Frankestein – Mary Shelley: themes, summary and focus on the theme of ambition
The novel is free from raw and bloody representations, but contains mainly thoughts and reflections on the relationship between life and death, on the relationship between parent and child, on feelings and ethics.
The narrative flows slowly, sometimes seems to run aground before recovering; is not marked by a strong pace, do not look for sensationalism and the twist.
The moral of the story is to be found in the soul of the monster and his creator, in their tears, in their respective sufferings and expectations.
Brilliant the author's idea of drawing the human journey of two characters so that they lead to the merger: two bodies own soul.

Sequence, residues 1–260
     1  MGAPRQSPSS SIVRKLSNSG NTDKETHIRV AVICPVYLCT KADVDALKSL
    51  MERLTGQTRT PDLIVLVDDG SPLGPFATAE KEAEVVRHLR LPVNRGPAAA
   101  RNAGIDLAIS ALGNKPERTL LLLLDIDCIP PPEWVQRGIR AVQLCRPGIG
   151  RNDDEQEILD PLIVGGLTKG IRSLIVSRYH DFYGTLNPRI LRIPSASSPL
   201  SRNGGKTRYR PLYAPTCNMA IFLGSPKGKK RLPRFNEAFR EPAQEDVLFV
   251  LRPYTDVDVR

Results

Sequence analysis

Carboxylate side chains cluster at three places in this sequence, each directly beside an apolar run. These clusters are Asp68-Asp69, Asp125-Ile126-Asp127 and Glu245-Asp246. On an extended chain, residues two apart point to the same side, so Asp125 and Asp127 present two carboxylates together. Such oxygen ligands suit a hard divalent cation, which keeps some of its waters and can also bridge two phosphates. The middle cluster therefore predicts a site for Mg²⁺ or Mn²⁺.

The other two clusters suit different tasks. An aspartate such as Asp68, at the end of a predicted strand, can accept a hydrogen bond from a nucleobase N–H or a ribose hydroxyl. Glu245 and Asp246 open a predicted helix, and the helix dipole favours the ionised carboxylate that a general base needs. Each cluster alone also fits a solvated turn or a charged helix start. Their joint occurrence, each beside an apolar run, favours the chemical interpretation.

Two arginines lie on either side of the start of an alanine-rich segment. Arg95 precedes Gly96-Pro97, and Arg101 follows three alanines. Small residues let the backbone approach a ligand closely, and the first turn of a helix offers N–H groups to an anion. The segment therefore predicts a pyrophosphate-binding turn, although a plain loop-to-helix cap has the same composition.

A major theme of the novel is human ambition. The ambition of Dr. Victor Frankenstein is one of those very dangerous, and in the pages of this book readers become viewers of his achievement, but above all its consequences. Victor wants to perform the task which until then had only been up to the Creator, that generate life. Being able to realize one thing, however, does not necessarily mean knowing how to control, and this new life that is born, he does so at the expense of the one who created it, it will sink into oblivion. Victor will demonstrate immediately not know how to manage her child, leaving her to fend for herself in a world of which he knows nothing, that alienates him and despises him because of its diversity and its ugliness outside. Already. Because the human being has an additional problem, which is to judge by appearances. Frankenstein's monster is the symbol of this concept. Initially, in fact, under his horrifying features he hid a good soul, kind and innocent. As his soul is filled with love, however, anyone who he came across he can judge him only by his outward appearance, moving it away in disgust. Thus, they transform a being kind-hearted into a bloodthirsty monster thirsting for revenge. The writer then, with the story of Frankenstein's monster, puts the emphasis on the devastating effects that can have prejudices of men and misfortunes that overwhelm the lives of those who, for excessive ambition, wants to play God.